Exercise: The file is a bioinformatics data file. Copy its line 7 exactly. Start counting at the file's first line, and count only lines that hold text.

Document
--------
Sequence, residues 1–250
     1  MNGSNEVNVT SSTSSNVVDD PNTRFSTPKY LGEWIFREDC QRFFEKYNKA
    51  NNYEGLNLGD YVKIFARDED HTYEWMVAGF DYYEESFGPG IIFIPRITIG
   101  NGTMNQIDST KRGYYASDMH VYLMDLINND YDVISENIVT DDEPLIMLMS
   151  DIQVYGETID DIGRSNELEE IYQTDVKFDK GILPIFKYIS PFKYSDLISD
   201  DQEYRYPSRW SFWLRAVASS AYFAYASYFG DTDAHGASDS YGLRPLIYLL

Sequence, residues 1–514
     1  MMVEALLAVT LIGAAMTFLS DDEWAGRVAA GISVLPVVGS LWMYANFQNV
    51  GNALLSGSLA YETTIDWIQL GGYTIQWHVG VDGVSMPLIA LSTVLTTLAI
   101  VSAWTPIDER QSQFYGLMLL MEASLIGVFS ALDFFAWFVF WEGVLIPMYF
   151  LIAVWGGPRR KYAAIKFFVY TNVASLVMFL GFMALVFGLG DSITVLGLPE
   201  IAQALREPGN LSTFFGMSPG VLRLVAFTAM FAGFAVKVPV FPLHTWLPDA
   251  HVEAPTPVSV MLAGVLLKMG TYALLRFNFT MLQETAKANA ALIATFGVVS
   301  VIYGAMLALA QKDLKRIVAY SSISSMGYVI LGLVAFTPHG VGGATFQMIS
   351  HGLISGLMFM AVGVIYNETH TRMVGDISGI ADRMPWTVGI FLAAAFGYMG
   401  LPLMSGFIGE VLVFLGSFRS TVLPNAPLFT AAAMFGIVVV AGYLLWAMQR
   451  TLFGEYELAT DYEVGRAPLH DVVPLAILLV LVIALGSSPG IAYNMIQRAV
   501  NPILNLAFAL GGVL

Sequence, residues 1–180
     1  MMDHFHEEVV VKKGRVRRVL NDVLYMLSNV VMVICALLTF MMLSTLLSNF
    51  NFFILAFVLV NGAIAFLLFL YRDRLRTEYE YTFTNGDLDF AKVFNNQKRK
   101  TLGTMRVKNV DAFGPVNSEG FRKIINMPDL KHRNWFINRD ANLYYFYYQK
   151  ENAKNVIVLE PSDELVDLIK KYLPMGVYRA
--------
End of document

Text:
Sequence, residues 1–514